The state financial regulator in Tajikistan has accused a popular money transfer company of facilitating terrorism, citing investigator findings about how the perpetrators of a mass killing of tourists in 2018 received cash through the service.
Remarks made on February 5 by Jamoliddin Nuraliyev, first deputy head of the National Bank of Tajikistan, or NBT, appear to raise the stakes in a confrontation between the government and money wiring companies, which have in recent months come under strong pressure to store money inside Tajikistan.
Speaking to reporters, Nuraliyev said that the companies profiting from the large volume of remittances being sent home by migrant laborers, who predominantly live in Russia, are failing to perform necessary checks.
“Given that the volume of transfers is so big, the oversight over these funds has not been implemented to the necessary level,” he said.
Nuraliyev made his case by referring to the killing in July 2018 of four foreign cyclists at the hands of a group of young men who had shortly before pledged allegiance to the Islamic State group. Investigators later said that the plotters had bought the knives that they used to kill some of their victims with money that they had received from accomplices through a Russian-owned wiring service called Zolotaya Korona.
Financial regulators fired their initial salvo against the money transfer companies in October, when they unveiled plans to require the services to park vast amounts of funds in accounts at the NBT itself. The companies have since late last year been required to forecast in advance how much money they expect to transfer over a given period and to deposit that amount with the NBT.
The NBT has argued that this arrangement is necessary to avoid the risk of the local banks that cash out the transfers becoming insolvent when international wiring companies fail to redeem their liabilities.
Zolotaya Korona has for years occupied a dominant position on Tajikistan’s market. Until December, the company accounted for 82 percent of the volume of international money transfers in the country. That equaled about $2 billion per year.
To date, other companies have agreed to comply with the NBT’s demands so that they may continue to operate in Tajikistan. These include Russia’s Unistream and Kontakt, as well as U.S.-based Western Union. It is not known what volumes of funds they agreed to place in the country to meet the requirements of financial regulators. Asia-Plus reported on February 3, however, that only Unistream was functioning reliably.
Zolotaya Korona has traditionally held the edge over its competition by offering lower commissions.
Nuraliyev, who is the son-in-law of President Emomali Rahmon, reiterated his concerns about Zolotaya Korona’s market dominance posing an existential national security risk. He argued that any technical malfunction at the company could cause severe financial tribulation.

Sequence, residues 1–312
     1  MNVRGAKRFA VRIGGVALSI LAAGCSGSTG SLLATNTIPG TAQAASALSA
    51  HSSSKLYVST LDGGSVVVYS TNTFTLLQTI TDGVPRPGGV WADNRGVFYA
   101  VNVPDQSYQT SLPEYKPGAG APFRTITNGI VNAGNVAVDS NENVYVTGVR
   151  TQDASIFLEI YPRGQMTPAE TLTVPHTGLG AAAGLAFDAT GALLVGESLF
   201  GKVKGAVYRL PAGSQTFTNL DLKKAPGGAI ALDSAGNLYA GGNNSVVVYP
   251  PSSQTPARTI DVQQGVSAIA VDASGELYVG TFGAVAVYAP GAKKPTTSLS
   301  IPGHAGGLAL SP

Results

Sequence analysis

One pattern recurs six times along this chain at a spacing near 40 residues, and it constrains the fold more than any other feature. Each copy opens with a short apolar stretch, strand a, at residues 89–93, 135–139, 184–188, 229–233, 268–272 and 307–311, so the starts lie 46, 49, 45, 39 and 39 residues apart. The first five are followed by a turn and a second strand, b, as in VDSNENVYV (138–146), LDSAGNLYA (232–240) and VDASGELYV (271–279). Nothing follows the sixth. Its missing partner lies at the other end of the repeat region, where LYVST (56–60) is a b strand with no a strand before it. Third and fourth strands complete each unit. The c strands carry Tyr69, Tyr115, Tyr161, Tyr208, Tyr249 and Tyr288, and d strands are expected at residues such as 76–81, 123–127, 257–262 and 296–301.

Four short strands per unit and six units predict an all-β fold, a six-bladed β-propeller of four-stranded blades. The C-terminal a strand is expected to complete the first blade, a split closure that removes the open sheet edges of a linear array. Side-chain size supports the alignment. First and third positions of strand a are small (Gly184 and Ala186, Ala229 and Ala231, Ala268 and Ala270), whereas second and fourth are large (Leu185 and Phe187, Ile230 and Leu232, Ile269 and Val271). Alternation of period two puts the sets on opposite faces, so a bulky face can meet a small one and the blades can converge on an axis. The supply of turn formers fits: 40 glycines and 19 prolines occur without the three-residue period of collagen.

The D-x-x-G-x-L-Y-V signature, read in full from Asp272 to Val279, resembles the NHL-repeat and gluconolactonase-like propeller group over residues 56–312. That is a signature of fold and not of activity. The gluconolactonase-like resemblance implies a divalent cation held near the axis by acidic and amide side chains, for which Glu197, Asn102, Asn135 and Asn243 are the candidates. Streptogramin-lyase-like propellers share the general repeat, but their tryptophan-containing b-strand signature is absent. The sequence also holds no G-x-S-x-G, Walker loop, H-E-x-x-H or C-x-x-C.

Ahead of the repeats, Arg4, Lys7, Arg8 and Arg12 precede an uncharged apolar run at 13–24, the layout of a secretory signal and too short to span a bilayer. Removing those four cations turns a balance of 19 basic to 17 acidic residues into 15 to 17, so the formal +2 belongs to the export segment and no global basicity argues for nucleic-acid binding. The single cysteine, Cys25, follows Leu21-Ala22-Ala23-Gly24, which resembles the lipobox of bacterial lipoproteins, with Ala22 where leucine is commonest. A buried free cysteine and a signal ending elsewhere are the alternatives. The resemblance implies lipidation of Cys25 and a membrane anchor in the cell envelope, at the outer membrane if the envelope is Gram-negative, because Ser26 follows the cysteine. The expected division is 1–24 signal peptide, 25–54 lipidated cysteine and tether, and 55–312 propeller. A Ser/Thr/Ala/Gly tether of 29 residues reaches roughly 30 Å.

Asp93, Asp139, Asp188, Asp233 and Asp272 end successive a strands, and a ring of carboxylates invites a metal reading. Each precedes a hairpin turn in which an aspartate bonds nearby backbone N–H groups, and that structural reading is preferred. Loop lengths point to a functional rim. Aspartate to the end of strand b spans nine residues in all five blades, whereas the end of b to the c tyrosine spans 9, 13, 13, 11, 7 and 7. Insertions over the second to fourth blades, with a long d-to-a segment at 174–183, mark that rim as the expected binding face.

On point of fact, the traffic of money transfers had ground to a near halt in the last quarter of 2019 due to the hastily adopted NBT regulations, although without any cataclysmic repercussions.
By sheer coincidence, weeks before the rules for money transfer companies began to play out, potential competitors in this lucrative business made their own foray.
In September, four Tajik banks reached an agreement with Russia’s Sberbank to begin using its phone-based cash transfer system. In order to make a transfer, senders in Russia need to open an account with Sberbank and load an app onto their mobile telephones.
Recipients, meanwhile, need to have accounts with one of the four lenders working with Sberbank – Dushanbe City microdeposit organization, Kommertsbank Tajikistan, Eskhata Bank or Spitamen. Several of those banks are known to be effectively controlled by individuals within or close to Tajikistan’s ruling family.
This alternative arrangement appears convenient at first glance. Senders may transfer up to 50,000 rubles ($800) at a time and are liable for commissions of 1 percent, a rate that compares favorably with the traditional wiring companies.
The problem arises at the other end.
Getting cash out of cash machines is often nearly impossible outside the capital – and even in it, sometimes. The banks in the Sberbank tie-up have negligible presence outside major urban centers, which means that impoverished rural residents heavily reliant on remittances would have few ways of easily getting hold of their money. And an exceedingly limited array of businesses in Tajikistan operates bank card payment terminals.
The pressure on Zolotaya Korona appears, therefore, to stem not necessarily from concerns over national and financial security, but out of a desire to bolster the viability of banks in Tajikistan, where most people continue to eschew the services of lenders. Anybody receiving cash payments from abroad must currently provide identification and all details about the transfers are documented, which stretches the credibility of Nuraliyev’s charges of insufficient oversight.
Earlier in the week, the head of state-owned Amonatbank, Sirojiddin Ikromi, even argued that Zolotaya Korona would be able to continue working in Tajikistan so long as it created a full-fledged banking operation in the country. That would imply opening branches, hiring staff, maintaining funds inside the country and submitting to local banking regulations.
Kamila Ibragimova is the pseudonym for a journalist in Tajikistan.